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Did or are you concerned about your childs delay?

Motor delay or speech delay. Or did you just assume they will gain those sooner or later?


Asked by Anonymous at 3:00 AM on Jun. 13, 2010 in Preschoolers (3-4)

This question is closed.
Answers (7)
  • My first child was born at six months and we always suspected that she could grow up with delays. Today she is four and has borderline mental retardation. She received services through the state begining her first week at home and now receives them through the school disctrict. It is because of those early intervention services that my daughter was able to speak her first words by age 3. Now, we have a son who was born at 8 months and he seemed normal until around his six month i noticed that he was not functioning as a normal 8 month old; he would not sit up and he craweld at 12months. Because of my experience with my daughter, i noticed REd Flags and called a local Regional Center for the developmentaly delayed and requested an assestment. Sure enough, my son tested in the six month age with sensory disorder and speech delay. he is receiving early intervention and it was then when we were told that he is autistic.

    Answer by alejandra559 at 4:15 AM on Jun. 13, 2010

  • Yes I was concerned and I ended up being right.

    I often hear other parents tell me though, "oh but he seems fine, my kid didn't talk until 4 and now he is fine," though usually it's the same kid I am already thinking gave off a "red flag for high functioning autism." If there are delays I don't see why it hurts to get addressed ? It's often free to have your county or school disctrict to a brief assessment and it helps your child get the best start in life. Therapy at this age is mostly fun for certain things too, like PT and's not like you are putting them through blood tests. I think if you have a concern better to have it looked at now. Dont' wait for the school system to intervine either on their own. They seem to not want to do anything until your child is failing....if you KWIM ?

    I would find out what's normal for your child's age and also discuss your concerns with the doctor and then go from there.

    Answer by Anonymous at 3:06 AM on Jun. 13, 2010

  • Today, my son is two years with seven monts, he does not speak more than two words but is doing very well. He is give much more eye contact and sits at the table for half his feeding (this is huge). My family does not understand my children and often judge me, specially my husbands aunt, but that is another topic. I trully believe that early intervention has saved my children's future life. I could'nt have done it without them.

    Answer by alejandra559 at 4:22 AM on Jun. 13, 2010

  • If you have concerns, please get your child evaluated! Either your mind will be put at ease, or your child will get necessary help. Dont delay; early intervetion is always best.

    Answer by rkoloms at 7:16 AM on Jun. 13, 2010

  • I was concerned, he was evaluated, had early intervention services for the areas of concern, and currently he is doing very well at age three. So far we are not currently seeing any specialists for delays. Early intervention was a good experience for him. Not that we didn't have bumps along the way. For us it wasn't one of those things that eventually he would have caught up on without a little outside assistance. Perhaps he would have but I believe he did much better much sooner given the help. In a few months we may return again to additional services but we are waiting on the final outcome of a surgery.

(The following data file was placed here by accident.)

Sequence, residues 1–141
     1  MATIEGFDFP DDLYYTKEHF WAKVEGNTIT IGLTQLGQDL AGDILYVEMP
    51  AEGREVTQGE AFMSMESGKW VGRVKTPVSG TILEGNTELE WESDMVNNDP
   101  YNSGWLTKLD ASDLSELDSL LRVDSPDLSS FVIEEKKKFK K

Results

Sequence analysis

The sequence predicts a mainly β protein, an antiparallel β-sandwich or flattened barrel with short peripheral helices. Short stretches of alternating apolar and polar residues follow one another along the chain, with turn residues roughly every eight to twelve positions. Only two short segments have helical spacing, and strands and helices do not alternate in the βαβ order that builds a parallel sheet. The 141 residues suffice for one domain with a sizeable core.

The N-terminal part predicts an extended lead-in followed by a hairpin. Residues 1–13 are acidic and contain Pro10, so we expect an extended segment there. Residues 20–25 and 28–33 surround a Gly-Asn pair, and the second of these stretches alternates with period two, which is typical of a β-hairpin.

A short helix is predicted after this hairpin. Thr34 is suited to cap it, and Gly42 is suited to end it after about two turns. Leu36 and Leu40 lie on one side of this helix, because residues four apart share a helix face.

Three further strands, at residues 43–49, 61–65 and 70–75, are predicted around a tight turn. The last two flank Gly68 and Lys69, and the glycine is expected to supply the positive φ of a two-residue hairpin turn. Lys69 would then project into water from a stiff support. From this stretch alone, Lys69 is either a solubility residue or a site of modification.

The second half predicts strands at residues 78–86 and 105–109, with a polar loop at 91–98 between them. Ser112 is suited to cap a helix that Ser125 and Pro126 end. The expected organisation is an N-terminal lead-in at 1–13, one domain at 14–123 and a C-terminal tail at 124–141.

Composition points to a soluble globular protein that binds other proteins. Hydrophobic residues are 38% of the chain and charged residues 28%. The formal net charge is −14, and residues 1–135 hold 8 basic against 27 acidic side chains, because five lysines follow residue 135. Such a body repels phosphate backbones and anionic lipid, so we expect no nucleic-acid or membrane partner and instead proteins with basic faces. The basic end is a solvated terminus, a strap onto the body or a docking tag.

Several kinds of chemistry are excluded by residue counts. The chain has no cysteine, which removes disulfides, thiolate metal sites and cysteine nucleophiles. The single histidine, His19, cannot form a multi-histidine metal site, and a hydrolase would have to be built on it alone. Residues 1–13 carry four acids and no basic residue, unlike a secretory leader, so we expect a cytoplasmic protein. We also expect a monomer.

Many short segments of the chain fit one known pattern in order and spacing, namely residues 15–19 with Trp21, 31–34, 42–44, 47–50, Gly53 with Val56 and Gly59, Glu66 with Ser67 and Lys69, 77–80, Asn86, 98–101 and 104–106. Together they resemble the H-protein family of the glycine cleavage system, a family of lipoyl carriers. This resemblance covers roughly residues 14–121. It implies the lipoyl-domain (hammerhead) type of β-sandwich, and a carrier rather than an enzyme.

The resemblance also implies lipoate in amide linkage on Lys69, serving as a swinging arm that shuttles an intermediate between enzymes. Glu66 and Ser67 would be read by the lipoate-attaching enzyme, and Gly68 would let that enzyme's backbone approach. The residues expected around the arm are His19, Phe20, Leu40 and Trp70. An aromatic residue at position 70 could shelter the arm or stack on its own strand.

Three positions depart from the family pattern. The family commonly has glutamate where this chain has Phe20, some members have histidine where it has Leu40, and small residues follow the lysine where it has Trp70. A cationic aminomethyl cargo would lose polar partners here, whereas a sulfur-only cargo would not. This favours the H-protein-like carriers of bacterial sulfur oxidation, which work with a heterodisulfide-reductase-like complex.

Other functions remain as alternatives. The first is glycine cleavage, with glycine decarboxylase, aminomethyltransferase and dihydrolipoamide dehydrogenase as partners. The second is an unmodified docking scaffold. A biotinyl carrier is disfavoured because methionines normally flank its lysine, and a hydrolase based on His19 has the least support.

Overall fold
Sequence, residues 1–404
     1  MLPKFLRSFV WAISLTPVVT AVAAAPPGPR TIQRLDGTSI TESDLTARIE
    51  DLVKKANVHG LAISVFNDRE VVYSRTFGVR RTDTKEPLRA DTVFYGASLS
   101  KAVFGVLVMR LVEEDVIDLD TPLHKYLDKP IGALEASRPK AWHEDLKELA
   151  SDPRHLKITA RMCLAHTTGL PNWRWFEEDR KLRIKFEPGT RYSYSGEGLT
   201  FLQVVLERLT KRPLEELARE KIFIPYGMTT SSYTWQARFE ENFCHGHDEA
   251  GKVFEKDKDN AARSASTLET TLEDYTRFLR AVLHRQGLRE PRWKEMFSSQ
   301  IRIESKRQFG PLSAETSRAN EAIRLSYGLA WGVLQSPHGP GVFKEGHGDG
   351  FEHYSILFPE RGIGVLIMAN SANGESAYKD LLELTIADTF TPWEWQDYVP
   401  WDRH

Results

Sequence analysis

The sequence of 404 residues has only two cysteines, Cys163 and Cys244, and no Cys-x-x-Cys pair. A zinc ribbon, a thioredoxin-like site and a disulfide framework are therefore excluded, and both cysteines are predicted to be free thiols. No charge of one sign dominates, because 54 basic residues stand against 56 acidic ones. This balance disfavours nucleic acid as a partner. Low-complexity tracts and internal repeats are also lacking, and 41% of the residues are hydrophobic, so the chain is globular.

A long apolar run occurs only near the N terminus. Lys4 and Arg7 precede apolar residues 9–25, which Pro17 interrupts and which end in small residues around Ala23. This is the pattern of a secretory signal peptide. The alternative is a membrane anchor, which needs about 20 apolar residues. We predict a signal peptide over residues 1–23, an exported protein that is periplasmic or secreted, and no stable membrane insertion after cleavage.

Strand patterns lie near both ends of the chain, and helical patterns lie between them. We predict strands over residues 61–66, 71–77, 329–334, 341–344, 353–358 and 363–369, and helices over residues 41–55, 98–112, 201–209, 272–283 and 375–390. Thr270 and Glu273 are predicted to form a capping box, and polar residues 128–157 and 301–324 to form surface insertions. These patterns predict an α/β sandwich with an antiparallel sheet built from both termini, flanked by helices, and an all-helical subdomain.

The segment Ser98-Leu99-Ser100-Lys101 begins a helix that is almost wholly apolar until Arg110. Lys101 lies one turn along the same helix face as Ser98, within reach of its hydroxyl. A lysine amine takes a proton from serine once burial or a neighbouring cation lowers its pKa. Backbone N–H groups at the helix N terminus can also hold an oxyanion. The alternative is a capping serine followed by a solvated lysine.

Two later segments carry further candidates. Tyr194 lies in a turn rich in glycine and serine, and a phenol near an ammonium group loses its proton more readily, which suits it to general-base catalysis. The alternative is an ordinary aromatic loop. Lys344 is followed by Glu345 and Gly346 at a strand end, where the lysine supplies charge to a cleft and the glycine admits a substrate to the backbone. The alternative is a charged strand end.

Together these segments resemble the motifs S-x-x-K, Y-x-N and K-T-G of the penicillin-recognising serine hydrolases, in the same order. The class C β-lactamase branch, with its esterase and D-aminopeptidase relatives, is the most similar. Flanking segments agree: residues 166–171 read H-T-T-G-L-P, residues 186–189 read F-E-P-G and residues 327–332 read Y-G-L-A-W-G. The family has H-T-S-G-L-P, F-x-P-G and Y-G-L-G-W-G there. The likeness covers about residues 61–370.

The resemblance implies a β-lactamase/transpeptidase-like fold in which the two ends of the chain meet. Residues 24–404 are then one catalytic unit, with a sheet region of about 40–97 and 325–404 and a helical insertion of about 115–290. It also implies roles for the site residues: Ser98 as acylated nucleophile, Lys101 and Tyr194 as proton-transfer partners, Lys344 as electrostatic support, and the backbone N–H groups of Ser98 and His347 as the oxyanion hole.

Answer by frogdawg at 1:51 PM on Jun. 13, 2010

  • I was concerned about my oldest, the pediatrician kept telling me "he'll be fine, boys talk later, he's very smart" Thankfully, I continued to push for an evaluation and turns out he has autism. After that, my 2nd had a speech delay - he was diagnosed with autism at 18 months, but he's now 10, completely mainstreamed, maintains friendships and is in the AG program at his school. He still has an amazing memory, but other than that, no signs of autism. My 3rd had a speech delay when evaluated at 15 months, we got a jump on early intervention speech therapy with her and by 3 she was so far above the charts there was no doubt she had caught up. So - my 2nd and 3rd probably would have caught up with no additional therapies, but it definitely didn't hurt to get the evals and the extra therapy help! (having the speech therapy, my 3rd child had much better, clearer speech at 3 than most 5 year olds!)

    Answer by missanc at 10:28 PM on Jun. 13, 2010

  • Neither of my daughters have any delays so far. I think my 4 year old might end up being delayed in her social skills. She is usually great with other kids but she's never been in a classroom with children her age before and she isn't as mature as her sister - which is why I got her into preschool. I had delays in my speech when I was a toddler. I had constant ear infections because of underdeveloped ear canals - I was born 9 weeks early - and I spent the first 2 years of my life almost deaf. The preschools around here are a first come first serve basis and not everyone gets in, there is a 3 year old class and 4 year old class and when I was 3 my parents were told I didn't get in because the 4 year olds had priority but my doctor spoke to the person in charge of admitting students and got me into the 3 year old class so I'd have more time to develop my speech.

    Answer by Anonymous at 2:57 AM on Jun. 14, 2010

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